Access Chez Scheme documentation from the REPL

In the process of learning Chez Scheme, I’ve missed R’s ability to quickly pull up documentation from the console via help or ?. I’ve toyed with the idea of trying to format the contents of the Chez Scheme User’s Guide for display in the REPL (similar to Clojure Docs). But that is probably too big of a task for me at this point. It recently occurred to me, though, that I can write a simple library, chez-docs, with only one procedure, doc, that will make it a bit easier to access the Chez Scheme User’s Guide.

My typical entry point to learning about Chez Scheme is the Summary of Forms page of the Chez Scheme User’s Guide. The simple idea behind chez-docs is to scrape the data from the Summary of Forms page and write a procedure that opens links to the documentation from the REPL.

Web Scraping with R

I used the rvest package for R to scrape the data from the Summary of Forms page. First, I downloaded the page and opened it in a text editor to see how the table was structured. Then, I extracted the URLs by drilling down into the nodes of the HTML document and retrieving the contents of the href attribute.


chez_url = ""

chez_links <- read_html(chez_url) %>% 
  html_nodes("table") %>% 
  html_nodes("tr") %>% 
  html_nodes("a") %>% 

Next, I retrieved the text contents of the HTML table. html_table returns a list with all of the tables on the page as data frames. In this case, there is only one table in the list.

chez_table_list <- read_html(chez_url) %>% 
  html_nodes("table") %>% 

Data Preparation with R

The Summary of Forms page links to two sources: The Scheme Programming Language (TSPL) and the Chez Scheme User’s Guide (CSUG). A t in the page number indicates TSPL as the source. The extracted URLs linking to those sources required a little cleanup.

I’m using Key to mean the first ‘word’ in the Form column. In many cases, that ‘word’ is just a symbol, e.g., >, +, *, etc.

chez_table <- chez_table_list[[1]] %>% 
  filter(Form != "") %>%          # drop empty first row
  mutate(URL = chez_links,
         # clean up extracted links to TSPL
         URL = gsub(pattern = "",
                    replacement = "",
         # convert relative to absolute links for CSUG
         URL = gsub(pattern = "^\\.", 
                    replacement = "", 
                    x = URL),
         Key = sapply(strsplit(Form, "\\s"), "[[", 1),
         Key = gsub("\\(|\\)", "", Key),
         Source = ifelse(substr(Page, 1, 1) == "t", "TSPL", "CSUG")) %>%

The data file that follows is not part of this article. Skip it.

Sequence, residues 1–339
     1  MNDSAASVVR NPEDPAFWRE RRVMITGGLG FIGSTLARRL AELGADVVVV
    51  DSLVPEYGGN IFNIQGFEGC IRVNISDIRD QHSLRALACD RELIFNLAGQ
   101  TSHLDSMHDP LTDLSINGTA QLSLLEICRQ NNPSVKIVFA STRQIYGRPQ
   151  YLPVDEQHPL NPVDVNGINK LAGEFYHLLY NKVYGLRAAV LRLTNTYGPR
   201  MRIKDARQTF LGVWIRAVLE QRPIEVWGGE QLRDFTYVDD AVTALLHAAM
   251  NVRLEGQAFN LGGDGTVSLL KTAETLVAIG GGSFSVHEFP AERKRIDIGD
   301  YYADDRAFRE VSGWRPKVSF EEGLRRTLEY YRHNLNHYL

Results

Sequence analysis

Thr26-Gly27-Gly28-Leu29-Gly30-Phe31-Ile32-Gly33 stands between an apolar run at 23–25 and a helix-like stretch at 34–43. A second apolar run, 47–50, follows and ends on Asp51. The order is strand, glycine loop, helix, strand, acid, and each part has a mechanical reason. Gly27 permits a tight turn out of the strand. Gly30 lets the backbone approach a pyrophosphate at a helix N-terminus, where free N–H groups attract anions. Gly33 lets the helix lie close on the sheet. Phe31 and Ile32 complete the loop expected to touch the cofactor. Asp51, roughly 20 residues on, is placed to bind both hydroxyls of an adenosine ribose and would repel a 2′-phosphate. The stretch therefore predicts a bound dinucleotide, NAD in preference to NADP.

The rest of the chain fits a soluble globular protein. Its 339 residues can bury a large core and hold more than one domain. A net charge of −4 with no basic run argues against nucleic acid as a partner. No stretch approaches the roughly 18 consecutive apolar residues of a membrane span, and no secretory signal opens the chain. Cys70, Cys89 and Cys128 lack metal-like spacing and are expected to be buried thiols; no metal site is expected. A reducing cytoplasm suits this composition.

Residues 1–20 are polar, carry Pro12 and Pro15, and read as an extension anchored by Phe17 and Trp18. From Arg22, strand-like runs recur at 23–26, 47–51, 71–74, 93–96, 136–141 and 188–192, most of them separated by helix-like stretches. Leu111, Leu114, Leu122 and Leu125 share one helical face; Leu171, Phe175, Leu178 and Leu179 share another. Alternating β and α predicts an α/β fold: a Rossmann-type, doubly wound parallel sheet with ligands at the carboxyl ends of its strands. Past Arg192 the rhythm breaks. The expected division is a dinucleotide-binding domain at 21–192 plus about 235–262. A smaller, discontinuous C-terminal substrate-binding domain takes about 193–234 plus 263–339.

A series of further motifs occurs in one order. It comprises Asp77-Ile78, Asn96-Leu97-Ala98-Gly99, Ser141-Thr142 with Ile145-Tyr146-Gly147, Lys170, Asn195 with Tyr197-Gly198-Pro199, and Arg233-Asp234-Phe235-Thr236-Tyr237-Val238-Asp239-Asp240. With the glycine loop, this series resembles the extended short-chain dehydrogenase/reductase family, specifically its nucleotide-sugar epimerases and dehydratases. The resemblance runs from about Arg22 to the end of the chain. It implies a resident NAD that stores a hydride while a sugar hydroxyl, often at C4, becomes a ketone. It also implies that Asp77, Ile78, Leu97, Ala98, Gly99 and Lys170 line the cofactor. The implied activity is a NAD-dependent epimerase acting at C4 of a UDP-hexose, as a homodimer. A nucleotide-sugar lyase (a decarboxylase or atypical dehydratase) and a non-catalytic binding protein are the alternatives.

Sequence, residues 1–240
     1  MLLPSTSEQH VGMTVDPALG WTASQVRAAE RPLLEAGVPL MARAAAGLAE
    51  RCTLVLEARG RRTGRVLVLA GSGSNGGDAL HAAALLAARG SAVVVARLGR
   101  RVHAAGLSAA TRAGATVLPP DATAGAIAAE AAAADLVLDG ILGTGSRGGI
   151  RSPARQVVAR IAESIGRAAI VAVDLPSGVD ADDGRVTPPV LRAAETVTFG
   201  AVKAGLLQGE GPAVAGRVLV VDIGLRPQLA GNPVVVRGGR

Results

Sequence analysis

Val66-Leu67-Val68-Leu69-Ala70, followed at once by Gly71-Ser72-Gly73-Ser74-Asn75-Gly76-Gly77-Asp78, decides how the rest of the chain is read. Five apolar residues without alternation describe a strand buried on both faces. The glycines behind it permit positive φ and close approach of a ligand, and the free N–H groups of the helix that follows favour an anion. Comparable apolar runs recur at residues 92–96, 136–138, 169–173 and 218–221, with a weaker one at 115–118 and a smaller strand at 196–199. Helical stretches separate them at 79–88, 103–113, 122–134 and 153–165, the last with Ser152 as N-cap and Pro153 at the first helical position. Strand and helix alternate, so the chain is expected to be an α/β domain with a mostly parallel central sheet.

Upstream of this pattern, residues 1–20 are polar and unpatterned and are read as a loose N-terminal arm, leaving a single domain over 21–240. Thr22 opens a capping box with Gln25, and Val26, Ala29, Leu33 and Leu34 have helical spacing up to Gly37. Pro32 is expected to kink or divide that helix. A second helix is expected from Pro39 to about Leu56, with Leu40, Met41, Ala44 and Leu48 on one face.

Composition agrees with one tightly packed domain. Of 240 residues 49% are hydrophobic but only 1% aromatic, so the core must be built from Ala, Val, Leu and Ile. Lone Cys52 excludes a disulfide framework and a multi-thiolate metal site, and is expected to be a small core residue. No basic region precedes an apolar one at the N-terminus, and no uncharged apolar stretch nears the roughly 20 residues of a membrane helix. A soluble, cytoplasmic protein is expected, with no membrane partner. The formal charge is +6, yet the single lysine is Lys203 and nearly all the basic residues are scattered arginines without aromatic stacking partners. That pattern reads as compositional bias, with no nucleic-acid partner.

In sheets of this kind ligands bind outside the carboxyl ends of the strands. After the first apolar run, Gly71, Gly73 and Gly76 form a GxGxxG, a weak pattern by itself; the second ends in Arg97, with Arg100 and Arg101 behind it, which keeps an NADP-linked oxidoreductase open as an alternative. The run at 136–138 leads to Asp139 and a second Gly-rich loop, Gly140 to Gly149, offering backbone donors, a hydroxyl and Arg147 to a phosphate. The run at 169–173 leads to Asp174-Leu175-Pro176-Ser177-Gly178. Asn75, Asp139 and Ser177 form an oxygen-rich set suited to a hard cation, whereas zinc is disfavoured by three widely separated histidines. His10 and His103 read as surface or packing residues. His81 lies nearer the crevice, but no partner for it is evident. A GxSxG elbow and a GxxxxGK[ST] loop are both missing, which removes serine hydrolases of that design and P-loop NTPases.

select(Key, Form, Source, URL) 

The problem here is that Key is not unique because the same key can be associated with more than one form and/or more than one source. I decided that the simplest solution was to separate the keys by source and combine the forms for each key that shared the same URL. I used nested for loops to tear down the data frame and build it back up.

source_list <- list()
excluded_list <- list()
for (j in c("CSUG", "TSPL")){
  ct_source <- filter(chez_table, Source == j)
  key_list <- list()
  excluded <- c()
  for (i in unique(ct_source$Key)){
    ctsk <- filter(ct_source, Key == i)
    if (nrow(ctsk) == 1){
      key_list[[i]] <- ctsk
    } else {
      if (nrow(unique(select(ctsk, Key, Source, URL))) == 1){
        key_list[[i]] <- tibble(Key = i,
                                Form = paste(unique(ctsk$Form), collapse = "~"),
                                Source = j,
                                URL = ctsk$URL[1])
      } else {
        excluded <- c(excluded, i)
  excluded_list[[j]] <- excluded
  source_list[[j]] <- bind_rows(key_list)
out <- bind_rows(source_list)

I decided that it would look nice to separate the forms with newlines for display in Chez, but writing and reading files with newlines as separators within a column creates a mess. Instead, I chose ~ as the separator in the Form column because it is not a character that appears in any of the forms, which makes it easier to replace with \n on the Chez side.

I kept track of which keys were excluded to decide if I needed to take additional processing steps. alias and let were the only keys that were excluded because the two forms are associated with two different links. No additional processing was done to include alias and let.

The last step in R was to write the processed table to file. Because some of the forms contain commas, e.g., #,template, I wrote the table as a TSV file. I split the table into two files because it made the processing simpler in Chez.

for (j in c("CSUG", "TSPL")){
  out %>% 
    filter(Source == j) %>% 
    select(-Source) %>% 
    write_tsv(paste0(j, ".tsv"))

Data Preparation with Chez Scheme

First, I needed to make a small modification to my csv library to read TSV files. Then, I read each TSV file, dropped the header row, and converted each row into an association list where the first element of the row is the key and values are represented by a list of the other two values in the row (i.e., forms and URLs). The two association lists were then combined to create a nested association list, which was written to file.

(import (chez-stats chez-stats))

(define csug (cdr (read-tsv "R/CSUG.tsv")))
(define tspl (cdr (read-tsv "R/TSPL.tsv")))